Are You Getting a Good Night’s Sleep?

For many of us, a good night’s sleep is an elusive goal. We have trouble falling asleep, wake up in the middle of the night and/or move around a lot while we’re sleeping, all of which can cause us to feel dog-gone tired by late morning or in the afternoon. Trying to stay alert during the day by chugging caffeine-laden drinks doesn’t really help; it creates a vicious cycle of having trouble falling and staying asleep and being tired the next day. Sound familiar?

At Frélii, we know that many sleep problems can be addressed and solved by making lifestyle and dietary changes. If you are in search of a better night’s sleep, our personalized nutrition program — based on your unique DNA — is a great way to start. Here are some other steps that you can take:

Create a bedtime ritual. For many people, a wind-down ritual works wonders. Reading or writing in a journal can be a great pre-bedtime activity. So can guided meditation and cuddling with a pet. An inexpensive lavender-scented and microwaveable heat wrap can help relax your neck. A cup of non-caffeinated tea, such as Chamomile, can be soothing. Gradually dimming lights can help signal to your body it’s time to sleep. Consider adding our supplement CALM to your evening routine to facilitate relaxation. CALM helps with serotonin and dopamine production to help you relax. Select ingredients include Gaba, SAMe, green tea and Vitamin B6.

Get active — and outdoors — during the day. Studies show that exposure to natural light can help prime you in the evening hours for bedtime — and longer and more restful sleep. Getting any form of exercise during the day also has been linked with a better night’s sleep.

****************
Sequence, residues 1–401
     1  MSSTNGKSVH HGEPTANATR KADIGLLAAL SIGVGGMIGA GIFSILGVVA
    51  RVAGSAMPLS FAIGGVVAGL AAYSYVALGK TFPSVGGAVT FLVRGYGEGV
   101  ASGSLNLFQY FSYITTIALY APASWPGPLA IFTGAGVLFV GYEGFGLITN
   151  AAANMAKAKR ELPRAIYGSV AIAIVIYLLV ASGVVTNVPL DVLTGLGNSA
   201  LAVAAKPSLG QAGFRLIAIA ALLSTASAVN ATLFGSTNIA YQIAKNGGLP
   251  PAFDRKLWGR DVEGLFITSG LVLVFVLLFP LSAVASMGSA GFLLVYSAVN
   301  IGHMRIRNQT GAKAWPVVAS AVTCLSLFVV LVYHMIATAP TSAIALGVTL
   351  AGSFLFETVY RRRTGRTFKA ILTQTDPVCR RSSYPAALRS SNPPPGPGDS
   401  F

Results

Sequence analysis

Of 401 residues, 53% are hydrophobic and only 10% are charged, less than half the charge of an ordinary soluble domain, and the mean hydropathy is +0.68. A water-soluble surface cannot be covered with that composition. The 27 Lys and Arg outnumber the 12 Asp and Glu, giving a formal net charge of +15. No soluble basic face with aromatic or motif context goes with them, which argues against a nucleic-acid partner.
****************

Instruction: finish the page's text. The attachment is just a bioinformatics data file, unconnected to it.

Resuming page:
Watch your caffeine intake in the afternoons. Coffee in the morning is fine, but see how you do scaling back or cutting out caffeine in the afternoons. Caffeine-laden drinks from noon on can make it difficult to fall asleep in the evening.

Don’t eat right before bed. Overloading your digestive system in the evening hours can make it difficult to sleep. That doesn’t mean you can’t have a bedtime snack, but keep it light.

Turn off the electronics. Numerous studies have shown that texting, working on a laptop and/or watching TV at bedtime can make it difficult to fall and stay asleep. Turn off all devices at least 30 minutes before bedtime. Also be aware of how many electronics are emitting light in your bedroom overnight. The soft blue or red glow from cell phones, tablets, or a digital clock on your bedside table may hurt your sleep. Seeing that glow — or the time on your digital clock — can make it difficult to fall back asleep once you awaken.

Don’t rely on sleep aids or alcohol to help you sleep. They may help you get to sleep, but can cause problems staying asleep and achieving a good night’s rest. Plus, they can be habit-forming.

Background noise may help. Do you awaken easily at night? A white noise machine, a portable air cleaner or fan can lull some people to sleep and help them stay asleep. For others, ear plugs can help.

Talk to your doctor. Normal sleep cycles depend on circadian rhythms and balance of hormones, including testosterone, estrogen, and/or cortisol. Your doctor may order a comprehensive blood panel testing to see if any medical issues might be affecting your sleep.The long-term effects of not getting enough sleep or getting poor quality sleep can increase your risk of a host of health issues, including obesity, heart disease, diabetes, reduced immune system and cancer. Join Frelii today to start your journey towards healthy sleep patterns.

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